I read this article a couple of months ago from the AfricanHipHopBlog
It talks about how Datafile Host is a hoax and can't really account for the users that download on the platform. The guys from the African Hip Hop Blog go as far as sending emails to the cats from DataFile Host who openly agree that each time a person downloads a track it counts as two and that they cant track downloads in detail. So the question is how do they come up with the numbers that we see whenever we downloading the tracks? The other challenge is the spam or adverts that your phone downloads which could be viruses.
Either way when I read this article I never took it to heart cause I would love to see a hundreds of thousands people downloading our music so I never had a gripe with their numbers. The problem comes with tracking. How do our artists go into the corporate world and sell something that will come back and embarrass them cause DataFile Host reflected values that aren't true. When I briefed the new site I asked my developers to include a download platform which they built from scratch to the advantage of the artists. We built it so it can be able to take a million downloads per hour and download faster. The download numbers are accurate and we can also provide the artists with the detail of who,when,how and what downloaded the song. I dont want to undermine the well researched article by the africanhiphopblog so here's an extract that links to their site:
My suspicions about the service were further propelled by two events during the month of July.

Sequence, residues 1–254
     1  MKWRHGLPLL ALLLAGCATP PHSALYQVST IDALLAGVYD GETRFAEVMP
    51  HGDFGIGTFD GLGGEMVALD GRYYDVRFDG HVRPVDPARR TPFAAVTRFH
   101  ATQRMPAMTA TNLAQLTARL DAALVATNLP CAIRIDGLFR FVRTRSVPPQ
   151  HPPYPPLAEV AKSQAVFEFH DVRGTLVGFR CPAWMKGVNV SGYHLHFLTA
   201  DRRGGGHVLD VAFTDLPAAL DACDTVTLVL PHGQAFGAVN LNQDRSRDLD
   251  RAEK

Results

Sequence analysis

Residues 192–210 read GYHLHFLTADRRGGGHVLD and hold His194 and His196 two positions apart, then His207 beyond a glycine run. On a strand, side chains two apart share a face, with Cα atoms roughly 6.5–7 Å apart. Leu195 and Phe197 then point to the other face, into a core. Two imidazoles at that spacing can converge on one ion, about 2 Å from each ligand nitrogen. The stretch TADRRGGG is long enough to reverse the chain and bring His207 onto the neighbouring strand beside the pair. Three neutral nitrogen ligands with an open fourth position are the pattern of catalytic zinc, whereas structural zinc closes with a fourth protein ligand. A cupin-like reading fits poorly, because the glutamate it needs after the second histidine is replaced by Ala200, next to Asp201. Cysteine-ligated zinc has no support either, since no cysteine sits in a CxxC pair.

The first involved an EP that I had been sent by an artist’s manager. The links wasn’t public as yet; it had only been sent to a handful of people. Yet, somehow, the project managed to surpass 500 downloads in a few hours. I then followed the link to the project’s download page and refreshed the page every 10 seconds. Each time the download number would increase, by two, three times, even more. Roughly, 30 virtual downloads were happening every minute (even though the link had not been officially released or shared by the artist).
The second instance was when Motswako rap’s pride and joy Cassper Nyovest released his latest single “Phumakim“. (and the last in the lead-up to his album Tsholofelo) It is being touted as a breakthrough because it “hit 15 000 downloads within the 1st minute of release.”
This is no small feat by any means, and I am not questioning neither Cassper nor his publicity team’s integrity.
However, the numbers failed to add up! At the time, he had about 60,000 followers on twitter, the social network first used to broadcast the link. Roughly, 25% of his following were frantically refreshing their feeds awaiting the link and immediately proceeded to download it within a minute of the link being tweeted.
This event is plausible, but not likely. That the website managed to sustain such intensive and sudden traffic is unlikely.